June 26, 2022

Volume XII, Number 177

Advertisement
Advertisement

June 24, 2022

Subscribe to Latest Legal News and Analysis

June 23, 2022

Subscribe to Latest Legal News and Analysis
Advertisement

SEC Guidance: Public Statements of Municipal Issuers Subject to Antifraud Provisions

The SEC’s Office of Municipal Securities recently released guidance providing that statements made by municipal issuers, such as public announcements, press releases, interviews with media representatives, and public reports, may be subject to the antifraud provisions of Section 10(b) of the Securities Exchange Act of 1934 (the Exchange Act) and Rule 10(b)-5 thereunder.  On Feb. 7, 2020, the Office of Municipal Securities released Staff Legal Bulletin No. 21 (the Bulletin), making it clear that the antifraud provisions of the federal securities laws apply to “any statement of a municipal issuer that is reasonably expected to reach investors and the trading markets.” 

While municipal issuers are generally aware of their obligations regarding the accuracy of statements made in offering documents for publicly sold securities and in continuing disclosure filings in accordance with Rule 15c2-12 of the Securities and Exchange Commission (the SEC), the Bulletin makes it clear that municipal issuers must consider the totality of public information and the materiality of this information in terms of the impact on a reasonable investor. Section 10(b) of the Exchange Act and Rule 10(b)-5 thereunder generally prohibit the use or employment of manipulative or deceptive devices, as well as the making of any untrue statement of material fact or omission of a material fact, all in connection with the purchase or sale of municipal securities. A fact is material if there is a substantial likelihood that it would have been viewed by the reasonable investor as having significantly altered the “total mix” of available information.

The Bulletin acknowledges that municipal issuers disclose current information about themselves in a variety of ways, including continuing disclosure documents, public announcements, press releases, interviews, and discussions with advocacy groups. The Bulletin notes, however, that even if these statements aren’t published for purposes of informing securities markets, that fact “does not alter the mandate that they not violate the antifraud provisions.” As a result, municipal issuers should evaluate, on a case-by-case basis, whether a public statement of any type would significantly alter the “total mix” of available information concerning the municipal issuer. For example, if a municipal issuer posts minutes of meetings on its website that reveal a major new development and investors are able to access this information (despite not being intended to reach investors), that information may be subject to the same standards under the antifraud provisions as information that is explicitly intended to reach investors, such as continuing disclosure filings on EMMA.

Examples of additional public statements that could be subject to the antifraud provisions include: (1) other information available on issuer websites, such as historical information, hyperlinks and financial and operating information presented in summary or overview formats; (2) public reports delivered to other governmental bodies, such as CAFRs, budgets, mid-year financial reports and other reports made part of a public record and available to the public; and (3) statements of municipal issuer officials, especially fiscal officers, such as speeches, public announcements, interviews, as well as statements made through social media.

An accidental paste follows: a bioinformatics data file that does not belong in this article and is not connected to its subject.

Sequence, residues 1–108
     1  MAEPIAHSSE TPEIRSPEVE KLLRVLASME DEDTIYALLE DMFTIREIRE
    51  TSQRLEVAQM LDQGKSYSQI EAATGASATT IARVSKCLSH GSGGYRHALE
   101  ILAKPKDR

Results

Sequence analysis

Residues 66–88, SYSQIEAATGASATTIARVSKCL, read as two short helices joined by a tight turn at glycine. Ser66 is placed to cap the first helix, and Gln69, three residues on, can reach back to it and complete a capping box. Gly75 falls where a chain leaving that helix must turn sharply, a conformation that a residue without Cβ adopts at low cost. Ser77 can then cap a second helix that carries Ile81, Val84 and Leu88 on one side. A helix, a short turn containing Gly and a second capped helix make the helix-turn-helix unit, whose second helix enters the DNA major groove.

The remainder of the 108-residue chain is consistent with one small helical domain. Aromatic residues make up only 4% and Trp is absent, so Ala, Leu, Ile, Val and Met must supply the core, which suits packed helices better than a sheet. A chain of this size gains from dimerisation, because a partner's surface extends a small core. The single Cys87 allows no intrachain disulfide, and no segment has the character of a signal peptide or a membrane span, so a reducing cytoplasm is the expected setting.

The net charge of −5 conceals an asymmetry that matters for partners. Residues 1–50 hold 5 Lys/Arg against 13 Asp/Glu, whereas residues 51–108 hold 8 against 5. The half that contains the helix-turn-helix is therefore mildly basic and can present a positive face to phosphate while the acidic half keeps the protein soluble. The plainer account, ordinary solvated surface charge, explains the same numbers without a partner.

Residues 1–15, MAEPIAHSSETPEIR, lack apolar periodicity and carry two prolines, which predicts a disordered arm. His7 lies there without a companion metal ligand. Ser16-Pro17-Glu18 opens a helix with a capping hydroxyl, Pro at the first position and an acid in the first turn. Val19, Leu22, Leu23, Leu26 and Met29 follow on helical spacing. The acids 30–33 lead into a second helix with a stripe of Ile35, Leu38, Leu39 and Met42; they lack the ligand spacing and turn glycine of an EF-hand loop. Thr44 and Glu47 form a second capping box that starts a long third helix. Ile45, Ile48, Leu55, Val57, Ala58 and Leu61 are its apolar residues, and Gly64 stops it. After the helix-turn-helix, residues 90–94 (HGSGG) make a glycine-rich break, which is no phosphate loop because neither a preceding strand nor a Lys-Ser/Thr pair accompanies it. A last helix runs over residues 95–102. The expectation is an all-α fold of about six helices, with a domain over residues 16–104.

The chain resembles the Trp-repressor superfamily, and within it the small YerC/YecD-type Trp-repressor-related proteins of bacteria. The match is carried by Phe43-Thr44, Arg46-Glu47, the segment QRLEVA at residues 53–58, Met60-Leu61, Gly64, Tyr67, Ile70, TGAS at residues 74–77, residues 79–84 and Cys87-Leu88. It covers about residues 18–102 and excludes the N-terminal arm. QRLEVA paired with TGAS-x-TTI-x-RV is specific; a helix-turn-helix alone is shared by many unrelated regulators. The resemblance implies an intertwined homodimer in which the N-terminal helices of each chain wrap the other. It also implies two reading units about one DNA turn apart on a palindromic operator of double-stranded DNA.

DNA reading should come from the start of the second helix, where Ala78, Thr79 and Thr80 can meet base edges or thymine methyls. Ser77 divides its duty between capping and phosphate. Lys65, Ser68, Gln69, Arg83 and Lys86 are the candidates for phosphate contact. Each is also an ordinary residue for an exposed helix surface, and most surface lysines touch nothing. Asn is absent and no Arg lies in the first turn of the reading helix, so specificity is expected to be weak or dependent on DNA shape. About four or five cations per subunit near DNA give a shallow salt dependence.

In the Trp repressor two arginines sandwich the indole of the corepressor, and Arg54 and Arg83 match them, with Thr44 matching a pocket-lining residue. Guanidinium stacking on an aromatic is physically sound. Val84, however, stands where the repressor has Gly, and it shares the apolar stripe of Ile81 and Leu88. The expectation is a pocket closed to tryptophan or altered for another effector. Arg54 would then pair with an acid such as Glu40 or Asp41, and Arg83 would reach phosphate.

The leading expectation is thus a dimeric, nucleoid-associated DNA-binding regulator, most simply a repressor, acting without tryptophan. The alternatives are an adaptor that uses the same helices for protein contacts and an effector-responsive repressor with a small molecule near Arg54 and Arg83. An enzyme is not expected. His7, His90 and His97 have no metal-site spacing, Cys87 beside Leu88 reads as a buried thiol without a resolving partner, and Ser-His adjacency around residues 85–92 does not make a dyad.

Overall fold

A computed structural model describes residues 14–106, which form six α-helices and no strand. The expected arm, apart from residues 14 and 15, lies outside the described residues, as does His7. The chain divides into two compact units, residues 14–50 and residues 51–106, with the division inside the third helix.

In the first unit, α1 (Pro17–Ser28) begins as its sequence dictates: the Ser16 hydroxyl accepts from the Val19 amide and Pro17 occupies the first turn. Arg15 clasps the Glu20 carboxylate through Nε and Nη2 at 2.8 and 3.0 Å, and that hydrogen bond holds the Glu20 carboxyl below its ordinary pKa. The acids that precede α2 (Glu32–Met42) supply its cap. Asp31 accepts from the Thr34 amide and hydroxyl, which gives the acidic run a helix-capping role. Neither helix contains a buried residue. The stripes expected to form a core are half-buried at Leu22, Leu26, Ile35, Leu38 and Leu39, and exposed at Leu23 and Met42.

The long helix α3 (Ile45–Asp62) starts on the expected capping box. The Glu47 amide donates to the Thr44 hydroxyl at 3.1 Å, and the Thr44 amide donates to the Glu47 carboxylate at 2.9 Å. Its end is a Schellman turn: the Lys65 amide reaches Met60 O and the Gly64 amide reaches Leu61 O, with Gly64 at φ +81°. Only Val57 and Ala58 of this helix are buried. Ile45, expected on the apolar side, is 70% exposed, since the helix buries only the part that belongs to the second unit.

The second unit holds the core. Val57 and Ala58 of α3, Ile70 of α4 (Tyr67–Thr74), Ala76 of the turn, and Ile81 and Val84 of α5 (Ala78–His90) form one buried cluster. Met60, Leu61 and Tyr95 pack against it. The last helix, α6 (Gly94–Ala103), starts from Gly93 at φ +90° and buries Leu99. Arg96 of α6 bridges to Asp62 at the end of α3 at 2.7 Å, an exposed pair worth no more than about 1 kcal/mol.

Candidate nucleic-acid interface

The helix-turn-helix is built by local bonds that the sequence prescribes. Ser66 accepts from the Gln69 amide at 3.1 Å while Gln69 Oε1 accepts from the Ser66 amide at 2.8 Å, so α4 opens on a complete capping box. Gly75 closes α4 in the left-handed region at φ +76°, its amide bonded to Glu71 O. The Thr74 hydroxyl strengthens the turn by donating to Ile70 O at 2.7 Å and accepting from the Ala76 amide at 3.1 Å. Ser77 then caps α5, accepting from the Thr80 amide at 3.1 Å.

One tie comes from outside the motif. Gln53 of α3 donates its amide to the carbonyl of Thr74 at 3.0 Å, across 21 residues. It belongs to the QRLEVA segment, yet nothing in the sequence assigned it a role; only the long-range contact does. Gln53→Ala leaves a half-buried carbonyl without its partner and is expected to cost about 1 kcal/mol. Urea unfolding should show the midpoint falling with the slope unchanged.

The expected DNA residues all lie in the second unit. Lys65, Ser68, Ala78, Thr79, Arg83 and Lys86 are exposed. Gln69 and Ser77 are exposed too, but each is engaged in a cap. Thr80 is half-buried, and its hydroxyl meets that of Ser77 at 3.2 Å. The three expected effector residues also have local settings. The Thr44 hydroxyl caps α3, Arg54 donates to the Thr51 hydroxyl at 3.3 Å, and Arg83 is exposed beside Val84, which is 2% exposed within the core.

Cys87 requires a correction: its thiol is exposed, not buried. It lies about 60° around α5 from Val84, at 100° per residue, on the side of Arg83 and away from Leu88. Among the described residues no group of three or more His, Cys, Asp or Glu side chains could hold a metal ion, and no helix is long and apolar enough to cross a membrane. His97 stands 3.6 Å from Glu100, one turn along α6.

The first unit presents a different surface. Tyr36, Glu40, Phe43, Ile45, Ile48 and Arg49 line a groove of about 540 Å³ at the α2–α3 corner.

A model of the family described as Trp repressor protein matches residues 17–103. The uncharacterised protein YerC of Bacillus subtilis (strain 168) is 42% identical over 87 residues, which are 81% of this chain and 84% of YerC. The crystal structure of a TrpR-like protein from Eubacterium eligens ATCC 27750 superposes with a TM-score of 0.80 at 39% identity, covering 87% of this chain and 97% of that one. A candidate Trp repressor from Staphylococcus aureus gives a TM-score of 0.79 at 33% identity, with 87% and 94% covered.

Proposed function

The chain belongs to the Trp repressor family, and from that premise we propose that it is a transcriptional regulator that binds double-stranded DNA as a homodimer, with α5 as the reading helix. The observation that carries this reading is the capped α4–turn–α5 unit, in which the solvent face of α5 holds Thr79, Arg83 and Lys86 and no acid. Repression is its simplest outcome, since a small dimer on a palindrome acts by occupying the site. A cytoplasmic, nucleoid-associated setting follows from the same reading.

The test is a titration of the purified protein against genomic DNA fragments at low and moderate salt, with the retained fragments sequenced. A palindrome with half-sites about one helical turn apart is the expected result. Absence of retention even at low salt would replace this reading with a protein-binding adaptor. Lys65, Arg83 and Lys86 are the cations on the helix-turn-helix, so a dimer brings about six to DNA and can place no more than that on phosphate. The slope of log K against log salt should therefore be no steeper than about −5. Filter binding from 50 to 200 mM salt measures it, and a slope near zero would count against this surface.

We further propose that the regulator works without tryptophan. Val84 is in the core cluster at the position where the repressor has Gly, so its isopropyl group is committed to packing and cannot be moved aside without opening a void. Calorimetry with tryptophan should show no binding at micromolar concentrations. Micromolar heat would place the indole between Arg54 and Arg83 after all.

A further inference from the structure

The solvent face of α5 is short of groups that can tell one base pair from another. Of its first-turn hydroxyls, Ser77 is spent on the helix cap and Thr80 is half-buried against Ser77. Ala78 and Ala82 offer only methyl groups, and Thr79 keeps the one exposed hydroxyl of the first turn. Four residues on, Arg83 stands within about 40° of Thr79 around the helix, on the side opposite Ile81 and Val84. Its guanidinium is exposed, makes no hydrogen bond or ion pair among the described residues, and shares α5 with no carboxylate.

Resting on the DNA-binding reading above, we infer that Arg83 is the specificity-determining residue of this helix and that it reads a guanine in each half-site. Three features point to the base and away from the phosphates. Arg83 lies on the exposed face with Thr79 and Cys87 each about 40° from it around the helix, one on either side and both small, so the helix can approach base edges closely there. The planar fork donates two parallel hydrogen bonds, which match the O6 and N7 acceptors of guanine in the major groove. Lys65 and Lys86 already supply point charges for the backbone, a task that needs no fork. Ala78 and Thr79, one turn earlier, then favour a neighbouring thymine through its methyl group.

Finally, the Bulletin stresses the importance of implementing adequate policies and procedures concerning public statements in light of the antifraud provisions. Recommendations for such policies and procedures include, among other things, the designation of a responsible individual for compliance with the policies and procedures; the establishment of periodic training requirements for issuer staff and officials responsible for public statements; the identification of documents, reports, etc. that contain financial, operating or other material information and the development of a process for disseminating such information; and the identification of a place at which the issuer makes such information regularly available to the public, such as an investor relations website.

© 2022 Dinsmore & Shohl LLP. All rights reserved.National Law Review, Volume X, Number 104
Advertisement
Advertisement
Advertisement
Advertisement
Advertisement
Advertisement

About this Author

Bradley N. Ruwe, Dinsmore, Public Finance Projects Lawyer, Government entities Attorney
Partner

Brad Ruwe is known for his insightful analyses of public finance projects from both economic and legal perspectives. Mr. Ruwe serves as bond counsel, underwriter's counsel, bank counsel and special counsel.

With over 17 years' experience in public finance, Mr. Ruwe has been serving as counsel in the following areas: government finance, school finance, 501(c)(3)/health care finance, economic/industrial development finance and municipal leasing. Mr. Ruwe handles both governmental and conduit transactions and is regularly called upon to address...

(513) 639-9237
Michael T. Dean, Dinsmore, Public Finance Lawyer, Economic Development Attorney
Associate

Michael T. Dean is an associate in Dinsmore’s Cincinnati office, where he practices in the firm’s Traditional Governmental Finance and Economic Development practice areas within the Public Finance group. The attorneys in these practice areas assist a variety of state and local government entities to structure financing transactions for an array of publicly-financed projects through the use of tax-exempt, taxable and tax increment financing.

As a member of the Public Finance group, Michael brings extensive finance experience to bear for his...

(513) 977-8180
Advertisement
Advertisement
Advertisement